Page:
The next time I would work with Lindisfarne’ would be to manage the studio that Ray Laidlaw had now bought in 1990 and the first recording with them would be the Paul Gascoigne single, it was a successful reunion. Shortly afterwards I would leave to go freelance but maintaining friendship and contact with the band. I worked with Alan Hull recording and mixing his ‘Back To Basics’ album in 1994 and after his death I recorded the bands ‘Untapped and Acoustic’ album. I still try to get to see the band every tour or on solo ventures and follow their activities – once a fan always a fan. 

Can you detail your production work with Lindisfarne and Alan Hull.

Crikey, not too good at dates and I don’t do diaries but here goes.

ALAN HULL: LABOUR PARTY JINGLE - sang to the tune of ‘Fog on the Tyne’

verse:   Save our services and schools and save our cities too
            Now’s the time to dump the Tories, see what you can do
chorus: Vote for Labour on May the third it’s easy if you try
            Vote for Labour on May the third and wave the Tories goodbye

While recording this, Alan arrived at the studio with a reel of tape in his hand. He said 
‘This is the demo you sent me eleven years ago, I think I’m going to have to pass on it.

ALAN HULL: ‘YOU’ and ‘FUNNY HOW I LOVE HIM’ demo recorded at The Studio, Gosforth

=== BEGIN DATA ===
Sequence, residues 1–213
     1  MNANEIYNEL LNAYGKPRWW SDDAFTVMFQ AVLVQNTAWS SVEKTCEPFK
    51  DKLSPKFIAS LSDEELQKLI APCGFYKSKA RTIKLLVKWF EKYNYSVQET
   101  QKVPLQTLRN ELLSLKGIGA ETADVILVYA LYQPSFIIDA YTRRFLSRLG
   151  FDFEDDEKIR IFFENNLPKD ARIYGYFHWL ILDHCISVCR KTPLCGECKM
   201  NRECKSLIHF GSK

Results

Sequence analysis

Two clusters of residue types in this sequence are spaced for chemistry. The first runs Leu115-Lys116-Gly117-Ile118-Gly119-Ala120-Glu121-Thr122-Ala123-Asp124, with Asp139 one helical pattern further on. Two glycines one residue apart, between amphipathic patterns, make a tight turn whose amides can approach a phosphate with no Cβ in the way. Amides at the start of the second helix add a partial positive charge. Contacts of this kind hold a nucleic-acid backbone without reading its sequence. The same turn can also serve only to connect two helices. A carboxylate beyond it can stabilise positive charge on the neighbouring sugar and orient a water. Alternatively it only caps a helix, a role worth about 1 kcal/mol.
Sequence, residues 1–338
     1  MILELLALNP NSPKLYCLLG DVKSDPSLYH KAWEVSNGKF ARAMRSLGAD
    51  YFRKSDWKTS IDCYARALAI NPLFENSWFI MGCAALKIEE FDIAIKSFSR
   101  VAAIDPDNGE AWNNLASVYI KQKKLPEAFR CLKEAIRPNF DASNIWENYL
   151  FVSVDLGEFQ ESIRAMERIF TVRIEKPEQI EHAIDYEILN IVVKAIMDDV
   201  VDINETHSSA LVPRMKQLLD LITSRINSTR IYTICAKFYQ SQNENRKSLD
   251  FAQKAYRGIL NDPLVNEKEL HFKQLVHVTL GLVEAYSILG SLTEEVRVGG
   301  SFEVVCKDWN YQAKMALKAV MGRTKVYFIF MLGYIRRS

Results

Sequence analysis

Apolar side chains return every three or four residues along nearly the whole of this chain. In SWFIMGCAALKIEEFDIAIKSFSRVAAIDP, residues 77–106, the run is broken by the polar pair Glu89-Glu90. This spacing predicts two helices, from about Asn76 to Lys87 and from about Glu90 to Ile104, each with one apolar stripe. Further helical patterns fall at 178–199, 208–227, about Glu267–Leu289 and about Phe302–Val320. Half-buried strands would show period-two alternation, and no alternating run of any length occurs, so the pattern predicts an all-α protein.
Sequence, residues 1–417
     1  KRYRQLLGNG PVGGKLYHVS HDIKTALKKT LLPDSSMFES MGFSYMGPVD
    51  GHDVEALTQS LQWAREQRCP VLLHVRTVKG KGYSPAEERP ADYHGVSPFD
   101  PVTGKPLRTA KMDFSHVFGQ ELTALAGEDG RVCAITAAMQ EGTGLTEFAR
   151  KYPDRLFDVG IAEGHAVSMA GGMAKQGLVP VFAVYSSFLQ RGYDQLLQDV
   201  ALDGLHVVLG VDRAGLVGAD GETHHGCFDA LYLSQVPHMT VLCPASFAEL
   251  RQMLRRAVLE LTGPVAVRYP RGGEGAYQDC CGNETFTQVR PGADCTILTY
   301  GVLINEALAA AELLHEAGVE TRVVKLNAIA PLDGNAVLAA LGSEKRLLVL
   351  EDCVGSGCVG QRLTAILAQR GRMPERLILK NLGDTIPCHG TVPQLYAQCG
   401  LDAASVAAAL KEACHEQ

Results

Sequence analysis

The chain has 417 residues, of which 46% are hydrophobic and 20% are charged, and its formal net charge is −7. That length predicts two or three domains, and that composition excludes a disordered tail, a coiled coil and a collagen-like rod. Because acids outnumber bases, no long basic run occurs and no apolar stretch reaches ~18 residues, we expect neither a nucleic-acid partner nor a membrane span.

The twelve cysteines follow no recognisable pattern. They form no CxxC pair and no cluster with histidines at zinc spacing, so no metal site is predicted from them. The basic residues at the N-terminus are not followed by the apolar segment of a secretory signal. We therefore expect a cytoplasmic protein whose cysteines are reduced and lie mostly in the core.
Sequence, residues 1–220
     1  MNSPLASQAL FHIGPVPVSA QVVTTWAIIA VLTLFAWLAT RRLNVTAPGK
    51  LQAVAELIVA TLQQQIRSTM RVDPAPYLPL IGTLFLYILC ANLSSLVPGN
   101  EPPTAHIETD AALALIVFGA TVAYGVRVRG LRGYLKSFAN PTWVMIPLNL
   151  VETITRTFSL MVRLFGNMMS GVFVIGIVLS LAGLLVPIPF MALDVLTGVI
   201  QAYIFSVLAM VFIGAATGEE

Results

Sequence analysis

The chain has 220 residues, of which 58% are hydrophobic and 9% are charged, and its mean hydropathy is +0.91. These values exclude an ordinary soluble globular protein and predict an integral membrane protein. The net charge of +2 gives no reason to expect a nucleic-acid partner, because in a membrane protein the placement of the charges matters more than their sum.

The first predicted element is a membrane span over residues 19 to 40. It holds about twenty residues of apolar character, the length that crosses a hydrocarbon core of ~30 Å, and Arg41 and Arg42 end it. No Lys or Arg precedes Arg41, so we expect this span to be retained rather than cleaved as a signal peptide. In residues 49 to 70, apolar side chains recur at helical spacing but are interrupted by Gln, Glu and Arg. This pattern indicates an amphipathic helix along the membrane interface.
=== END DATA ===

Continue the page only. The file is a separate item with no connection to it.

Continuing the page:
ALAN HULL: ‘HEROES’ for Northern Recording Album. Mixing at Lynx Studios.

ALAN HULL: Live TV performance of ‘On The Other Side’ solo material. Playing
                    synthesizer on Malvinas Melody and Day of the Jackal.

1984 / 1985
LINDISFARNE: Demo sessions at The Studio, Gosforth

ALL IN THE SAME BOAT - Re-recorded for DYLA 1986
TAKE YOUR TIME - Re-recorded for DYLA 1986
TRUE LOVE - Original demo appeared on BT1 1992
LIVING ON THE BASELINE - Original demo appeared on BT2 1992
BROKEN DOLL - Re-recorded for DYLA 1986 
LOVE ON THE RUN - Original demo was sang by Alan Hull. Re-recorded for DYLA 1986
		  with Ray Jackson on vocals. 
NOTHINGS GONNA BREAK US NOW - Original demo appeared on BT2 1992
WE’VE GOT ALL NIGHT - Original demo appeared on BT3 2000
WHO’S THIS GUY - Title changed by Alan to ‘Nothing Is What It Seems’. Re-recorded for